Specific choices on spending can come only when we combine our vision for the community with spreadsheets and real data in front of us. That said, some of our general needs are clear:

  • KEEPING OUR SCHOOLS STRONG. We all know that our terrific schools are a big part of our strong property values and quality of life in Falls Church. I’ll use my school board experience and budget skills to keep our schools strong at the least possible cost.
  • BEGINNING NOW TO RE-WORK OUR OUTDATED INFRASTRUCTURE. Have you seen the photos of our crumbling storm drain pipes?  It’s not a flashy issue, but a high priority must be to accelerate our planning for a broad re-working of storm water runoff management. Similarly, we need to work cooperatively with our neighbors, Arlington and Falls Church, on managing the ever increasing traffic on Broad Street and Washington Boulevard. As we consider the appropriate size of our reserve funds, these infrastructure needs must be part of that math.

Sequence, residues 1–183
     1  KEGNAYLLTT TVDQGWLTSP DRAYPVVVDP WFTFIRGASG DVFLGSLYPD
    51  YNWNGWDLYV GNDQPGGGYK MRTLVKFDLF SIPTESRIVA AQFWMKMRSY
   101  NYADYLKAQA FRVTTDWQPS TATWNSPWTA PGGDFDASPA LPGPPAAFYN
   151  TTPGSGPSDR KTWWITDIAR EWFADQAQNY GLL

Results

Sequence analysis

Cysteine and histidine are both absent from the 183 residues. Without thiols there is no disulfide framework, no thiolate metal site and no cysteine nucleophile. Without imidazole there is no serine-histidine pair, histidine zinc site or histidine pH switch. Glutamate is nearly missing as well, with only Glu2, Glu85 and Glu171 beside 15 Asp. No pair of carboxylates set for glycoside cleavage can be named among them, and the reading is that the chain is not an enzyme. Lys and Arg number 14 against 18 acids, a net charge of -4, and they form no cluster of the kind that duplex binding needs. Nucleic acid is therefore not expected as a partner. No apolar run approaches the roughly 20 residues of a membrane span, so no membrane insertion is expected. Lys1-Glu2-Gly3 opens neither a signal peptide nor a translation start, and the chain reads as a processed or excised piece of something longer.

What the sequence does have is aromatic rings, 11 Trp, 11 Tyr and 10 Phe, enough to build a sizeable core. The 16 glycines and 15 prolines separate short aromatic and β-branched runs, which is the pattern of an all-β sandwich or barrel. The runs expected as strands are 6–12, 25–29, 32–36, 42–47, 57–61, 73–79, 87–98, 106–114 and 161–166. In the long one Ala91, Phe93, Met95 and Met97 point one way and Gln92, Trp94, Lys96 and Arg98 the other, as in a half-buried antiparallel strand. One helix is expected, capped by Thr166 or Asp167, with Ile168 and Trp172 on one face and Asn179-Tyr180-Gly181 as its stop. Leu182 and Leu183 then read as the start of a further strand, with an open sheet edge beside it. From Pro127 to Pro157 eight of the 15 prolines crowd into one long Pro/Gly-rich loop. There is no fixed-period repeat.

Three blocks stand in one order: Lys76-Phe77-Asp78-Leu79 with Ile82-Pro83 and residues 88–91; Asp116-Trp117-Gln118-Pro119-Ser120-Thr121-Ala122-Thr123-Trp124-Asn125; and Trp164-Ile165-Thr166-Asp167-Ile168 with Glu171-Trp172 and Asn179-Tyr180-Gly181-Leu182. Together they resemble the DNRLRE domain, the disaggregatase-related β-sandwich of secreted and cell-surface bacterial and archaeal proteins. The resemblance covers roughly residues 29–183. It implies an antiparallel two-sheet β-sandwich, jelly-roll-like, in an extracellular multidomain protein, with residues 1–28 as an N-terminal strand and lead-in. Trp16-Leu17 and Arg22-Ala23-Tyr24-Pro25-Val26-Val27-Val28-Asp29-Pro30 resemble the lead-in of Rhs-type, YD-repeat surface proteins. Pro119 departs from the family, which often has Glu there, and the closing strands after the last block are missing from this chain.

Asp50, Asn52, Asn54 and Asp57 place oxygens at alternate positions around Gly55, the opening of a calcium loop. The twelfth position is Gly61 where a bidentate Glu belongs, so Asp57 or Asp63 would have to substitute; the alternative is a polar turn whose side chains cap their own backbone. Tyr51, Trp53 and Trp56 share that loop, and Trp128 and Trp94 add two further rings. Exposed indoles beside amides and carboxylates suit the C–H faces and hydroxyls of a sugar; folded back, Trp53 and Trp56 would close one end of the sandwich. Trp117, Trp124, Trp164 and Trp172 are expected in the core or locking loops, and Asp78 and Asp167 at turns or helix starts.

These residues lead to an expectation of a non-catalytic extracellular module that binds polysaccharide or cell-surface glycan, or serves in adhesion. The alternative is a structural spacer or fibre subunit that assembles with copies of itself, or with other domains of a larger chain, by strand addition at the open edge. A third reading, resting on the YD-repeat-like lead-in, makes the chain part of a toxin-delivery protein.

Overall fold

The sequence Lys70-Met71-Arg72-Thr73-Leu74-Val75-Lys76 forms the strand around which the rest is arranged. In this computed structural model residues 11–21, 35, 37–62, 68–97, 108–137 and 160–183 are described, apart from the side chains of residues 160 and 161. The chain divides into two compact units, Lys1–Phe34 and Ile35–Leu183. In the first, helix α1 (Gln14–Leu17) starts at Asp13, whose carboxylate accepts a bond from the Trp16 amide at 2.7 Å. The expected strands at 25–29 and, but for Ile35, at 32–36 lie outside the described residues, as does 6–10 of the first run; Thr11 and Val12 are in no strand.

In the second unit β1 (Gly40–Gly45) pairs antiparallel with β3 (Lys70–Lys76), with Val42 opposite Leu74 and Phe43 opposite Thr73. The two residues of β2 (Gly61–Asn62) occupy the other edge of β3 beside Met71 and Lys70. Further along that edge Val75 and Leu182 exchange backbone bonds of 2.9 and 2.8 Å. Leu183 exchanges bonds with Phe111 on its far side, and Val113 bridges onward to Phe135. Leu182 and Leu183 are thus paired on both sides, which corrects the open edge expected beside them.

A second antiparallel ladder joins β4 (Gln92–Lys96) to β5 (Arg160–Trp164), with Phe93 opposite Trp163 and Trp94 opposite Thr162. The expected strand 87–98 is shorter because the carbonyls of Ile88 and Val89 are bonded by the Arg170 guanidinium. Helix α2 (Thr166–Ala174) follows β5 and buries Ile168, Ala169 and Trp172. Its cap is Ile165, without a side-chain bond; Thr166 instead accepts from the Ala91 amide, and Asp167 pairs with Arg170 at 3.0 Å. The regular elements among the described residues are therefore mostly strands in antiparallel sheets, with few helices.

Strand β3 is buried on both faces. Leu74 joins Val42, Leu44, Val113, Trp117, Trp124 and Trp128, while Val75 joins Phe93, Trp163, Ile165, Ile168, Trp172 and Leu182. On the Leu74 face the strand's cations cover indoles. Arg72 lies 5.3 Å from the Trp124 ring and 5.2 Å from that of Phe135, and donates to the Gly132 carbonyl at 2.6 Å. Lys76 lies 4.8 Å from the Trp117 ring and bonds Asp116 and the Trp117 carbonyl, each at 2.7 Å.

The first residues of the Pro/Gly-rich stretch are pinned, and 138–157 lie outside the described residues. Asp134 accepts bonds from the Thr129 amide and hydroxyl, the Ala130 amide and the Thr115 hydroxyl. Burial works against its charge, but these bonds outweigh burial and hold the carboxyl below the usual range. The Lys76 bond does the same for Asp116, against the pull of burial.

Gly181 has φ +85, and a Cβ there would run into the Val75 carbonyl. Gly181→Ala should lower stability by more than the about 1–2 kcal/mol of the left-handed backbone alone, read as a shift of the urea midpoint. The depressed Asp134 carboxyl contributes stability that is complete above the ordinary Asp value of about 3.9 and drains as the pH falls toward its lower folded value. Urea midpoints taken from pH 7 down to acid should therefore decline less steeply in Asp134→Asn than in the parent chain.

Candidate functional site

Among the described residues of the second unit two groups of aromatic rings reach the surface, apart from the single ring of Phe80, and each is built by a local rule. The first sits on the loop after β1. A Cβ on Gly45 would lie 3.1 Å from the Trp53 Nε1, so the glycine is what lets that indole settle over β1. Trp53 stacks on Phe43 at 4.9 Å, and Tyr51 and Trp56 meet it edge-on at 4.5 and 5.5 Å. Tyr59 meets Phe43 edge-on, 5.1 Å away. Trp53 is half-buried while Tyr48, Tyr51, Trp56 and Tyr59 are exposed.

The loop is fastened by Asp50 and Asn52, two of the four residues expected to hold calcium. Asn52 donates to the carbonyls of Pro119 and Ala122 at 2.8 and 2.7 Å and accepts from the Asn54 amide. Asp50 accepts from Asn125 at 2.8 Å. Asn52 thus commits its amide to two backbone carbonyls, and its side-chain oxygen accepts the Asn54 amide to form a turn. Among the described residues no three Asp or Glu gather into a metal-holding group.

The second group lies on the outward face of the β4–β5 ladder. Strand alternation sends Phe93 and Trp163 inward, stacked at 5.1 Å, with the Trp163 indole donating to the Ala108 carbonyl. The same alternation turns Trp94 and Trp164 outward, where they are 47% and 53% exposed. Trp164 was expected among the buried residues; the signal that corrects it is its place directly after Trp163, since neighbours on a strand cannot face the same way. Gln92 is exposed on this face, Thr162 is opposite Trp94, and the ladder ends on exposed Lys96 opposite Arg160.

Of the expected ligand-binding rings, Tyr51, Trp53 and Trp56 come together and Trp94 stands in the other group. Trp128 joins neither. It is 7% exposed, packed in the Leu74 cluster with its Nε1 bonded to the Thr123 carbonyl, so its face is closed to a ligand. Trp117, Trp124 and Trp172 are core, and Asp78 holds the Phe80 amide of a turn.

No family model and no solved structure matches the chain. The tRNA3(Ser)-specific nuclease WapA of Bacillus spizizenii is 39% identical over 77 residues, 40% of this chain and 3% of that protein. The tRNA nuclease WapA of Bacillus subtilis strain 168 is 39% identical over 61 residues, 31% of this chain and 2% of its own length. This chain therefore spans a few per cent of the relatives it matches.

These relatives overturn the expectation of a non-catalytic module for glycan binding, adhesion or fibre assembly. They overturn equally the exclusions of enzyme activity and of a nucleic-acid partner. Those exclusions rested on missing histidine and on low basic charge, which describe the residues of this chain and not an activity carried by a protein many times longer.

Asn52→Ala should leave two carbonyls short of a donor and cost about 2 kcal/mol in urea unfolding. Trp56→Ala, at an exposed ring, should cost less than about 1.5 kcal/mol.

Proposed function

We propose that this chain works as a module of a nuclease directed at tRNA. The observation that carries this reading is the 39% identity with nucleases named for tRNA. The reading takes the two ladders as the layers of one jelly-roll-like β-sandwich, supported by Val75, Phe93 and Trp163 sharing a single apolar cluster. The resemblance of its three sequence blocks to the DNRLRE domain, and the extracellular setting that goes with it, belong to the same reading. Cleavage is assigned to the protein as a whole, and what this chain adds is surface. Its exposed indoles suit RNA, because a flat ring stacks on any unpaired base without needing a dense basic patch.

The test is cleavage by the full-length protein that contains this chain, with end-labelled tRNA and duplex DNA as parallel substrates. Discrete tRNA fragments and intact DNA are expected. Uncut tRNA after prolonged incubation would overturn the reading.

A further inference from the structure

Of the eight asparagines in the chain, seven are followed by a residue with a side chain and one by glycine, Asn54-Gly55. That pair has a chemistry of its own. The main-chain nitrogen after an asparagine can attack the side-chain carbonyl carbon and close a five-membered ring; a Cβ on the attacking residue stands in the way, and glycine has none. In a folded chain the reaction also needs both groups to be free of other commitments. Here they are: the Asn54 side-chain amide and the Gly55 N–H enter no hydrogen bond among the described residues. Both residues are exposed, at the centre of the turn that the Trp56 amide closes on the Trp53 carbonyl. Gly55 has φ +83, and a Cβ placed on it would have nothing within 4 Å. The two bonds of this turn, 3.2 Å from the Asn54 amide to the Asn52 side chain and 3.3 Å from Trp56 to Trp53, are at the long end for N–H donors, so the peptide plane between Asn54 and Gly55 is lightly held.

• ENCOURAGING DELIBERATE, SMART DEVELOPMENT. This is not so much a spending issue as a top priority for building the tax revenues that will make all of our community needs easier to fulfill!  If we encourage development that fits within our vision of the Little City that has a positive economic impact we all win.

With a vision, a rolling planning process and a focus on a range of financing options we can balance our budget without unduly burdening any part of our community.